7 Ways to Protect Your Family From Skin Cancer

One in five Americans will develop skin cancer during the course of their lifetime. Prevent and detect it with these essential tips

use sunscreen

Use sunscreen daily.
Many women put away their sunscreen after Labor Day, but they should really use it year-round—paired with a hat and sun-protective clothing. Cancer-causing UVA and UVB rays are always present. Our top product picks: For lips, Ocean Potion Moisturizing Lip Potion, SPF 45 ($2; drugstore.com); for face, Safe Harbor face & neck cream, SPF 40 ($10; walmart.com); for body, L'Oréal Advanced Suncare Invisible Protect Clear Finish spray, SPF 50 ($9; drugstore.com).

Don't assume dark skin protects you.
If you're a blonde with blue eyes, you know how important it is to use sunscreen. But that doesn't mean people with darker skin can skip the slathering. Pale skin naturally has only a little more than SPF 3, while brown skin averages the equivalent of SPF 13. And that's not enough coverage for anyone. Not only does darker coloring not protect you from skin cancer, but when someone with brown skin gets melanoma, it's typically detected later because it has gone unnoticed, making mortality rates higher. And don't confuse ethnicity with skin type. If you're of African descent but have lighter skin, for example, you could have the same level of risk as, say, a person of Scottish heritage. No matter your ancestry or skin tone, use sunscreen and check your skin regularly.

Avoid tanning beds—forever.
Just one indoor tanning session raises the risk of melanoma (the deadliest form of skin cancer) by 20 percent, basal cell carcinoma (the most common form) by 29 percent and squamous cell carcinoma (the second most common) by a whopping 67 percent.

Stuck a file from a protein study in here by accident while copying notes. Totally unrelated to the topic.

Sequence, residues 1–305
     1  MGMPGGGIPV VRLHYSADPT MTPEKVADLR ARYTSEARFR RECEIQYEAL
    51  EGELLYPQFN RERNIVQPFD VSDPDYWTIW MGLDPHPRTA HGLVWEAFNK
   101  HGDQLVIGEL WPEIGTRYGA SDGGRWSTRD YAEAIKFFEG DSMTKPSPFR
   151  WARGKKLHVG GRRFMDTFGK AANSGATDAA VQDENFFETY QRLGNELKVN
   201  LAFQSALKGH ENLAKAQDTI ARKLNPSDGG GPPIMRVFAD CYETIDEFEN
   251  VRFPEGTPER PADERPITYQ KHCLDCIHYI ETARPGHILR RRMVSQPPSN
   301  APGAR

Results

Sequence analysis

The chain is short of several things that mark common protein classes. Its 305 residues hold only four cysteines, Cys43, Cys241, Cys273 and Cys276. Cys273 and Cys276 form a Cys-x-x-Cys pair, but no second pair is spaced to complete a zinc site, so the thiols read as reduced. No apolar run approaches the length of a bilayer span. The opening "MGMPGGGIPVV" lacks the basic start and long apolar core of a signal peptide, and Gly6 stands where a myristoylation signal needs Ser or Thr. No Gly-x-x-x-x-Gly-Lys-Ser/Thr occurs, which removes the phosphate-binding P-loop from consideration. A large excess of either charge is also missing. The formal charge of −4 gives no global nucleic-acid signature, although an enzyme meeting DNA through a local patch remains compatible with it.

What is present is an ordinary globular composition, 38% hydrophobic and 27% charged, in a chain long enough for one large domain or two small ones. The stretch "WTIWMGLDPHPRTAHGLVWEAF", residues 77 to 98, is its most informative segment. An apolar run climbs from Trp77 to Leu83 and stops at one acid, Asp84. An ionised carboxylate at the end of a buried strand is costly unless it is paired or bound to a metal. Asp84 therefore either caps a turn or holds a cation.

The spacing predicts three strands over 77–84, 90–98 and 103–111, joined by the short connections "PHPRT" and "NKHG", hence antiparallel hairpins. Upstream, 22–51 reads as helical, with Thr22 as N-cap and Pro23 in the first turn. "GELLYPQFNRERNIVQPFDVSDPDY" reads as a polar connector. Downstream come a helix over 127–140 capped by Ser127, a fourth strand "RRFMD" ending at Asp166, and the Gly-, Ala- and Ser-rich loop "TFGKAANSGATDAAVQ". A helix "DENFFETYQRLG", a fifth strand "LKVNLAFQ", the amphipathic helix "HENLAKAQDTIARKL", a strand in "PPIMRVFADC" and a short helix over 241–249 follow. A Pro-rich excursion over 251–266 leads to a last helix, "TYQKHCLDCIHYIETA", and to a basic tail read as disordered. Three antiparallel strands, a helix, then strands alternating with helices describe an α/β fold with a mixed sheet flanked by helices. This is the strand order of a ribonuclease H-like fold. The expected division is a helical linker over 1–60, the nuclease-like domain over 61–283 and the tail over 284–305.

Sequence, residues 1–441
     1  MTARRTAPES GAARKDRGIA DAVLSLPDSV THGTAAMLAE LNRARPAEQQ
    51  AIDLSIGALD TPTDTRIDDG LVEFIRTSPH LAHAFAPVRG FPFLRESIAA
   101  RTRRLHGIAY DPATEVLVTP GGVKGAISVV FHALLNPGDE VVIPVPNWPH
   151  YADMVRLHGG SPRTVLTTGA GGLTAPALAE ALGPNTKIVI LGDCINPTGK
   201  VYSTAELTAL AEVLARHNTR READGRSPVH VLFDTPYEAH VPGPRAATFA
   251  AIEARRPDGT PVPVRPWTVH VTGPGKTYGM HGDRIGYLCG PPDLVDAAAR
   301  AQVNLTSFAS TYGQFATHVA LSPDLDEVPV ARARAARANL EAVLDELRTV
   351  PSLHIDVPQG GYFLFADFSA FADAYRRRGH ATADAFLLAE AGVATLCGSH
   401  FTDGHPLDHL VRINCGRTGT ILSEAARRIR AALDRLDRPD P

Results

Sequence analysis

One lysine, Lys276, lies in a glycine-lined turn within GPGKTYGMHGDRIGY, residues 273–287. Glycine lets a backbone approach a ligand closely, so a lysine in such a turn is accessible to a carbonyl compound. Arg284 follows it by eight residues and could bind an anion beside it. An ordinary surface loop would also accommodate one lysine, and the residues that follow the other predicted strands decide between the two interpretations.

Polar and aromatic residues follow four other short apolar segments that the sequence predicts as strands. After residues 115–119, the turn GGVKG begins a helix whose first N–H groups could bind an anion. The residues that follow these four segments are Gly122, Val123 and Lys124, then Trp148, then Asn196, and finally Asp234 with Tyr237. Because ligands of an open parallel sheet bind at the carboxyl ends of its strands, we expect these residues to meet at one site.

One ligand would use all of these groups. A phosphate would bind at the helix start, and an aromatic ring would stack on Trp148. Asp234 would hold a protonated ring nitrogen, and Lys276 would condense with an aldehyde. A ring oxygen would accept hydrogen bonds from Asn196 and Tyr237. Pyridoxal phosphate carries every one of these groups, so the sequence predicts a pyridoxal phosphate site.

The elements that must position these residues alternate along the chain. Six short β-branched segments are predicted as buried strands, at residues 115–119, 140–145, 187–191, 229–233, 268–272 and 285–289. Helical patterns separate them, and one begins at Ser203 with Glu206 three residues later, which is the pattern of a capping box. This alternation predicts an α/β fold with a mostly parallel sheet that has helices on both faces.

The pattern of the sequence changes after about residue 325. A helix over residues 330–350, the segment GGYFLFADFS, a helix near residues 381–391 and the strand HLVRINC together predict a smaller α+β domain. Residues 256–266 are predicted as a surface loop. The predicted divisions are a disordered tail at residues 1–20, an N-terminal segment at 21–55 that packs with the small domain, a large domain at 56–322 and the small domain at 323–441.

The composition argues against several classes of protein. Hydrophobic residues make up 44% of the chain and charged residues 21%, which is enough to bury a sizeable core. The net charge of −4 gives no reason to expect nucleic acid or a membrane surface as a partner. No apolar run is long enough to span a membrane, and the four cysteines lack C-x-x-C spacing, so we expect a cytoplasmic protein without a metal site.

Check yourself monthly.
The Skin Cancer Foundation advises using both a handheld and a full-length mirror to do a head-to-toe exam once a month in a well-lit room. Ask a partner to check your rear view, and check your kids regularly, too. Look for any spot out of the ordinary—what dermatologists call "the ugly duckling factor." 

Learn your ABCDEs.
These abnormalities are common with melanoma, the deadliest form of skin cancer (though note that not every melanoma has all of these characteristics). See something funky? Have it checked out by your dermatologist right away.
• Asymmetry: If you were to draw a line right through the middle of your mole, one side wouldn't be equal to the other.
• Border: The edges of the spot look uneven, as if they're scalloped or ragged. Pigment might even fade into the skin nearby.
• Color: There are multiple hues, such as dark brown on one side and gray on the other, rather than all one uniform shade.
• Diameter: The mole is larger than the size of a pencil eraser. Many melanomas are bigger than 6 millimeters.
• Evolving: Since you last checked (say, about a month ago), the mole has grown or taken on a different color or shape.

Don't depend on apps.
Beware of smartphone apps that claim to detect skin cancer by analyzing photos of spots you upload; a study by the University of Pittsburgh Medical Center found even the best-performing ones missed 30 percent of potentially deadly melanomas.

Get screened yearly.
Schedule a full-body skin-cancer screening at least once each year, or as often as recommended, depending on your risk. Some doctors take photos of atypical moles to track them—a smart practice.

Sources: Mona Gohara, MD, a dermatologist in New Haven, Conn.; and Ellen Marmur, MD, founder of Marmur Medical in New York City and associate clinical professor of dermatology at Mount Sinai Hospital